G17.00002: Tensor Basis Neural Networks for Turbulent Scalar Flux Modeling Pedro M. Milani, Julia Ling, John K. Eaton The Tensor Basis Neural Network (TBNN) model developed by Ling et al. (2016) has shown great promise to improve the momentum equations in Reynolds-averaged Navier Stokes (RANS) solvers. It uses physical insight together with machine learning paradigms to embed rotational invariance into a deep neural network, and then predicts a turbulence anisotropy tensor that obeys this property. The original formulation allows only the prediction of a symmetric, traceless tensor (which is the case for the turbulence anisotropy). In the scenario where a turbulent flow carries a scalar, such as heat or a contaminant, the turbulent scalar flux (a vector) needs to be modeled concurrently in the RANS framework. In this talk, we will present how to use the TBNN construction to model the turbulent scalar flux in a way that can be readily applied to a RANS solver. Manipulation of the appropriate invariant vector basis leads to a form with a general, tensorial turbulent diffusivity which is predicted by the deep neural network at test time. We apply this model to an inclined jet in crossflow and obtain significant improvement in the mean scalar concentration prediction. [Preview Abstract] |
Sunday, November 24, 2019 4:14PM - 4:27PM |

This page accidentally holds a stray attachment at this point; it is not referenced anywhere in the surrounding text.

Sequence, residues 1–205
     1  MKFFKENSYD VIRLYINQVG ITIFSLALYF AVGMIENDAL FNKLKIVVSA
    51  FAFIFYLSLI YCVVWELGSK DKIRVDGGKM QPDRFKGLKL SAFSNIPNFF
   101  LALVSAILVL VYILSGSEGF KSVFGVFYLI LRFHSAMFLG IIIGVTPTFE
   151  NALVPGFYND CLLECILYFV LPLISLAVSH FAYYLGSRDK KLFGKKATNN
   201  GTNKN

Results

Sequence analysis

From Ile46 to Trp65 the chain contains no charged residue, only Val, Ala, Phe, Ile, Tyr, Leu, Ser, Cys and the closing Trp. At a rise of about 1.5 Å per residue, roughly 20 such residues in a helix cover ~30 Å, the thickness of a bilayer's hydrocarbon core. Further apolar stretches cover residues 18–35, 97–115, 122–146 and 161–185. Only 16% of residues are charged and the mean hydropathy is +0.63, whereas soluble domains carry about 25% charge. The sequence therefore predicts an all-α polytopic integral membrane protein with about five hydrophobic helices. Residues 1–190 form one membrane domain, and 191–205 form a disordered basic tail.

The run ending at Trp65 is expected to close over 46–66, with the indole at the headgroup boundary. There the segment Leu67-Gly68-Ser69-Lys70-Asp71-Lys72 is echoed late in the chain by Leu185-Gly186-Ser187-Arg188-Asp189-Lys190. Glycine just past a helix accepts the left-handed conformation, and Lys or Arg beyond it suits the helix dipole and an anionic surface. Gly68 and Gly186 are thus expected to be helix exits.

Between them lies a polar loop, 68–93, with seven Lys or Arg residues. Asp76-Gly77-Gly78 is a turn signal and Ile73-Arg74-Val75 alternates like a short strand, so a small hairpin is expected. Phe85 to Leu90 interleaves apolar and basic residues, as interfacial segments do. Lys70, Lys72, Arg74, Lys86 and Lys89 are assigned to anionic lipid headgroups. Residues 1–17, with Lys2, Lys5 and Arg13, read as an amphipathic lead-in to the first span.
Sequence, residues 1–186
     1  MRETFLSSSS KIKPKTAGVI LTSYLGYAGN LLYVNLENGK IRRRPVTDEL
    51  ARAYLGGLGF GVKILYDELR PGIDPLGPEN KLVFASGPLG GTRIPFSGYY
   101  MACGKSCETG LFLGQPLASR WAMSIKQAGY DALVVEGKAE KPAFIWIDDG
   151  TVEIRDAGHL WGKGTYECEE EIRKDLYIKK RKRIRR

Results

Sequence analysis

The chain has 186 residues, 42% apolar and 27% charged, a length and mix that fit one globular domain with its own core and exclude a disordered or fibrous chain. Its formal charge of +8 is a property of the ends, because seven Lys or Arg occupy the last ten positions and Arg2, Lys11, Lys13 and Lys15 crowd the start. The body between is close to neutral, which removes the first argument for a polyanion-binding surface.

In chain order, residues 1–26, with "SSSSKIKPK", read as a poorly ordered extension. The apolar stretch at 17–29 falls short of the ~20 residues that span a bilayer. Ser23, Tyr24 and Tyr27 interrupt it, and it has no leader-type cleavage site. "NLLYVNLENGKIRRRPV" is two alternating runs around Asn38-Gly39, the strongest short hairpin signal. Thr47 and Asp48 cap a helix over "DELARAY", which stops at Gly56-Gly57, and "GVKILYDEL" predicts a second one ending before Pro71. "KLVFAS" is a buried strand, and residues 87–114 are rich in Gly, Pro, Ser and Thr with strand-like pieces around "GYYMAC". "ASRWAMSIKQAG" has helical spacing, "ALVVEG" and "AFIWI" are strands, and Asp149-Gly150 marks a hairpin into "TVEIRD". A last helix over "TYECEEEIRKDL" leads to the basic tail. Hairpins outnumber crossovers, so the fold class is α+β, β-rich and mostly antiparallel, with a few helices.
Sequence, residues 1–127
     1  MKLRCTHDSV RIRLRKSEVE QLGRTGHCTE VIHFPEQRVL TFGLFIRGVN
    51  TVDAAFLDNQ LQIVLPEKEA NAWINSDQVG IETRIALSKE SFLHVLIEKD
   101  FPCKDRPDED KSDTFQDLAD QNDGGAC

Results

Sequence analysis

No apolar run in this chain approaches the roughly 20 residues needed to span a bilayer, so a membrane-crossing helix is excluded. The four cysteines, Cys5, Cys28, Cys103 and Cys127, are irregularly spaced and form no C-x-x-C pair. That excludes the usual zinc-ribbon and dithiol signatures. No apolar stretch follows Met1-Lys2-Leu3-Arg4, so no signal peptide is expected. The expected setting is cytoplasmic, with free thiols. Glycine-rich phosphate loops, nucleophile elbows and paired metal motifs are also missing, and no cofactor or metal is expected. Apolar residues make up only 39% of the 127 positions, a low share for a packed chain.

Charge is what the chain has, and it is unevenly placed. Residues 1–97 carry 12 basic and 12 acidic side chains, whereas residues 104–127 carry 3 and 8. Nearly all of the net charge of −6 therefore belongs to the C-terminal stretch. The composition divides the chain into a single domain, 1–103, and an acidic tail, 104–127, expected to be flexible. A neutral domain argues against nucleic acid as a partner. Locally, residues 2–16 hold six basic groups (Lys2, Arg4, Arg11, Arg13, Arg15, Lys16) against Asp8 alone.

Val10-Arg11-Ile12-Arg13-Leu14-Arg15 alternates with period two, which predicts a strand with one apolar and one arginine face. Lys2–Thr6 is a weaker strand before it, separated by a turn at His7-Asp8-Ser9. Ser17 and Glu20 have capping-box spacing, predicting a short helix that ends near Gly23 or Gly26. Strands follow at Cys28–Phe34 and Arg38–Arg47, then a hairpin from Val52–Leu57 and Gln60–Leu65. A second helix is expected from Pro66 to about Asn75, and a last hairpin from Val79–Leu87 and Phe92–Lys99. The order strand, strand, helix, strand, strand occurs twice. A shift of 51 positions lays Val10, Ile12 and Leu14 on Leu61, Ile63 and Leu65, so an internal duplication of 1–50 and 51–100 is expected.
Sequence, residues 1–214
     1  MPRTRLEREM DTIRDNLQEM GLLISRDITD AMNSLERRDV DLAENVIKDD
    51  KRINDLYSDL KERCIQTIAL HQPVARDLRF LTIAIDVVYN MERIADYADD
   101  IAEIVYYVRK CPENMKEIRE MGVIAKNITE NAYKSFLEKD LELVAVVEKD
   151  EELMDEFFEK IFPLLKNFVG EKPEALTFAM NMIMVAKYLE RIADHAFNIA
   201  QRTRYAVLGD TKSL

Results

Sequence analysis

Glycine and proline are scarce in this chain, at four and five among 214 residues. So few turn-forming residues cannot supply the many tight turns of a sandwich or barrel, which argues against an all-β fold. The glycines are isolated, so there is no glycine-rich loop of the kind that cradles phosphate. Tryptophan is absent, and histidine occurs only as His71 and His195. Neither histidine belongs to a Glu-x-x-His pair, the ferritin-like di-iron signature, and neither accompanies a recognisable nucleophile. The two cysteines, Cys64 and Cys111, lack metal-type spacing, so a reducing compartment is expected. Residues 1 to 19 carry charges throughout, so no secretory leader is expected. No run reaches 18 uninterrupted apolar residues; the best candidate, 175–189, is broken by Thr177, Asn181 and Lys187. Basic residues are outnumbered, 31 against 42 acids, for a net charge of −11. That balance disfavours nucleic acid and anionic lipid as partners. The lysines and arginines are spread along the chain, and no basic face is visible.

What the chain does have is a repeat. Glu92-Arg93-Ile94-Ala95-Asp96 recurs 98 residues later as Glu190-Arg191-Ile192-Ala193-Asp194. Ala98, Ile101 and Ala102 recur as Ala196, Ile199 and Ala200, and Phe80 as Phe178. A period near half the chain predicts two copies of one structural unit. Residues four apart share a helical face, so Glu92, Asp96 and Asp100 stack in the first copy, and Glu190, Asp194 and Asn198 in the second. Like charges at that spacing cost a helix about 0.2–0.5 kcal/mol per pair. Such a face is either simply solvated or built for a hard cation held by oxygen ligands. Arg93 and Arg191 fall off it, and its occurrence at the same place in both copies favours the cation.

G17.00003: CFD-ready Turbulence Models from Gene Expression Programming: Concepts Yaomin Zhao, Harshal D. Akolekar, Richard D. Sandberg The gene expression programming (GEP) method is applied to develop Reynolds-averaged Navier-Stokes (RANS) models via symbolic regression. The candidate models, represented by strings of genes competing and evolving in the training, can be interpreted as explicitly given equations. Thus, the resulting model, which minimizes the cost function, can be directly implemented into RANS solvers. Based on the advantages of the GEP method, two training strategies have been proposed to develop CFD-ready RANS models. In the first framework called frozen-training, the models are trained to fit high-fidelity Reynolds stress-data. In the second approach, called CFD-driven training, the fitness of candidate models is evaluated by running RANS calculations in an integrated way. Both methods have been applied to model development for wake mixing in turbomachines. New models are trained based on a high-pressure turbine case and then tested for three additional cases. Despite of the different configurations and operating conditions, the predicted wake mixing profiles are significantly improved in all \textit{a-posteriori} tests. Furthermore, the differences between the models can be analyzed, and it shows that the enhanced wake prediction is predominantly due to the extra diffusion by the CFD-driven model. [Preview Abstract] |